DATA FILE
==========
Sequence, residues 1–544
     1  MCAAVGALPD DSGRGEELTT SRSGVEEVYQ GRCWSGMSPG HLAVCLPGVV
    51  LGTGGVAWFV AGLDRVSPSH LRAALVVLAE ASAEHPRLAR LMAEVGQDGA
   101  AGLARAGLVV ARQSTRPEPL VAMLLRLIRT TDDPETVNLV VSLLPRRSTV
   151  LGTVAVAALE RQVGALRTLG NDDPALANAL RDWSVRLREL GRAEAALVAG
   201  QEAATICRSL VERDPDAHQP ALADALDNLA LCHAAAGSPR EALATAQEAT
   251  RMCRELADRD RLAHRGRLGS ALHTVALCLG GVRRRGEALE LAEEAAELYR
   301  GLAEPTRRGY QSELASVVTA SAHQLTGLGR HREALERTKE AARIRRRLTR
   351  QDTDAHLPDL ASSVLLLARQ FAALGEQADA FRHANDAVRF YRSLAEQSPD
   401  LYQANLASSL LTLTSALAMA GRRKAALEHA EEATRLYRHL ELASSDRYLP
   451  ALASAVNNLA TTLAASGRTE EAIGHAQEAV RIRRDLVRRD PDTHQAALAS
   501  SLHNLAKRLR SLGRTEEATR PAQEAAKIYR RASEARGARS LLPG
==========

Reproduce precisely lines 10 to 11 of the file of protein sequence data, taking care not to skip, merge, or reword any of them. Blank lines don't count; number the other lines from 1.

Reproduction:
   401  LYQANLASSL LTLTSALAMA GRRKAALEHA EEATRLYRHL ELASSDRYLP
   451  ALASAVNNLA TTLAASGRTE EAIGHAQEAV RIRRDLVRRD PDTHQAALAS